We’re starting a new series here on Moving Mama. ¬†Every Monday I’ll be posting things to help you find motivation – quotes, stories, images, whatever.

To start, this week I’ve created some images – kind of like those motivational things that you see around (of course these days you mostly see the ‘demotivational’ kinds of things all over the place.) ¬†Speaking of ¬†“demotivational” images, it makes me realize that we have really become to cynical. ¬†Somewhere in there bettering ourselves has become uncool – I’m thinking right now about all of those Stuart Smiley skits from SNL. ¬† Self improvement is NOT hokey! ¬†It’s a good thing! A few years back I was fortunate enough to hear Mac Anderson speak and to meet him as well. ¬†He’s the guy behind the original posters and the founder of Successories, the company that made and marketed them all over. ¬†It was at a large corporate conference where the idea was to encourage people to do things that would make the company more money. I know I went back to my job after that conference and was more productive! Say what you like, but people get more done when they immerse themselves in positive thinking, and it makes people around them better too.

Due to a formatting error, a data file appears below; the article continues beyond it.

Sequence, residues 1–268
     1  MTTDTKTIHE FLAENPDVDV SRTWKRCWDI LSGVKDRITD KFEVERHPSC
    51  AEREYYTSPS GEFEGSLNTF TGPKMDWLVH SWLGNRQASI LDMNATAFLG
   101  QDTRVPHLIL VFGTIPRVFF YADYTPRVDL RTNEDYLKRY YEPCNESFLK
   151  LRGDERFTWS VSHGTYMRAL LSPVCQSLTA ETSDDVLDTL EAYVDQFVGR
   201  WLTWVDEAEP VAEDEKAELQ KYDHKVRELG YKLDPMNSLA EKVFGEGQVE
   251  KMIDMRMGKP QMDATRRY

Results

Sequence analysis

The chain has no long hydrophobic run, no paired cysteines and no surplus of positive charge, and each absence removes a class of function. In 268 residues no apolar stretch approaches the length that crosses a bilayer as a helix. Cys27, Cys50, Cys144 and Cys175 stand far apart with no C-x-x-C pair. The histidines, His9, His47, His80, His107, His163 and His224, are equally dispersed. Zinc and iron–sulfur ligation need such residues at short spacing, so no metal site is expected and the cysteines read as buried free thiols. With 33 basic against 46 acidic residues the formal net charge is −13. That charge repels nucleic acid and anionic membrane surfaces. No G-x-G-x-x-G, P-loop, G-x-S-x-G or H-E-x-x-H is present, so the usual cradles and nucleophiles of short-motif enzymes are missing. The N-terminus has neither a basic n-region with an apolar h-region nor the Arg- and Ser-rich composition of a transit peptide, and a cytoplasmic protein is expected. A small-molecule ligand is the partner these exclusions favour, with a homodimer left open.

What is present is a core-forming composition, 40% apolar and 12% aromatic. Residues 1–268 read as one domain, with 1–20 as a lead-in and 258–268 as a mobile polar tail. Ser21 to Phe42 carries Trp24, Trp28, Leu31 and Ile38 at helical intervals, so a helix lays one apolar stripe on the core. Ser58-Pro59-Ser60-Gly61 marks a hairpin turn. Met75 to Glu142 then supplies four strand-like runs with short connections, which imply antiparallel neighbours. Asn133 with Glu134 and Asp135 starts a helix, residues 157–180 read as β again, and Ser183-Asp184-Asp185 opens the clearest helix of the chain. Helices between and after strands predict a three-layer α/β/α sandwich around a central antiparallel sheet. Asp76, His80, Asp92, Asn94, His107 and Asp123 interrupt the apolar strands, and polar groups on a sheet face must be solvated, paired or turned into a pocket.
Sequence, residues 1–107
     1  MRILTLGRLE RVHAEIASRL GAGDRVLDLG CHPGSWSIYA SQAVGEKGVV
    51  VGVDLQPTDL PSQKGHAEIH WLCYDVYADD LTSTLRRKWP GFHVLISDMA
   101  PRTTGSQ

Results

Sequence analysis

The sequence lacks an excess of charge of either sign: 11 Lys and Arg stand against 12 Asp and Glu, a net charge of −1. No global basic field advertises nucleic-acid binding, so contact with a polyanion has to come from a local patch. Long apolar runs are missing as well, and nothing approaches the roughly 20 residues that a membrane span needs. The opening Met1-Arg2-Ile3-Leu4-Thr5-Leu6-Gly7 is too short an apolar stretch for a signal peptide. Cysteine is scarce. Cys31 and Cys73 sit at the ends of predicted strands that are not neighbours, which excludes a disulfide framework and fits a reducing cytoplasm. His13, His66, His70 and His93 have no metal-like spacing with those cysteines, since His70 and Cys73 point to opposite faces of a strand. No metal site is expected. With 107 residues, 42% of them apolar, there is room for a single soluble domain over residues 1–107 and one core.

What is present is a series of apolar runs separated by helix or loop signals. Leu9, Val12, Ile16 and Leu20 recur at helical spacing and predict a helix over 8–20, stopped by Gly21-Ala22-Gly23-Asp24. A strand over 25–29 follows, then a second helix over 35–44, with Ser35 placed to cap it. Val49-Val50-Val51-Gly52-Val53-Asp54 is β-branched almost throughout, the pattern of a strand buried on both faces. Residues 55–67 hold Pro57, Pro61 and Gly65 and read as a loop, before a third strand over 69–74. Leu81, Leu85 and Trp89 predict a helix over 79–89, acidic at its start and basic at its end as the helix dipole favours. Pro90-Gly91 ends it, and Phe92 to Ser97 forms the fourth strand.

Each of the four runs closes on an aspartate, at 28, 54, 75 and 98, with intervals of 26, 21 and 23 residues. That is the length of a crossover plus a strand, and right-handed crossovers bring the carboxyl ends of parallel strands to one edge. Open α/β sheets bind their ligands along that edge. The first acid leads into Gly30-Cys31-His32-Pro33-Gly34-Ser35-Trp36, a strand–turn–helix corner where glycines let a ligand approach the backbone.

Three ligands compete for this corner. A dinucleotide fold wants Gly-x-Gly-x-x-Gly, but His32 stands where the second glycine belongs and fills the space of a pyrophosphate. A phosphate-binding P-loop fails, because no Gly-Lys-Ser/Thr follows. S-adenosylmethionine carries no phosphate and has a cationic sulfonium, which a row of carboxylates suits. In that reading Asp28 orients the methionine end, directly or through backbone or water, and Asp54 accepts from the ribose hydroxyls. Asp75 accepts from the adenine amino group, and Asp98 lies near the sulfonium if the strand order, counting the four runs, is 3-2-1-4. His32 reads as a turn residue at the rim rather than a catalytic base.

Take a few to look at the pics below, let me know your thoughts.  Does this kind of thing make you feel more motivated or does it make you roll your eyes?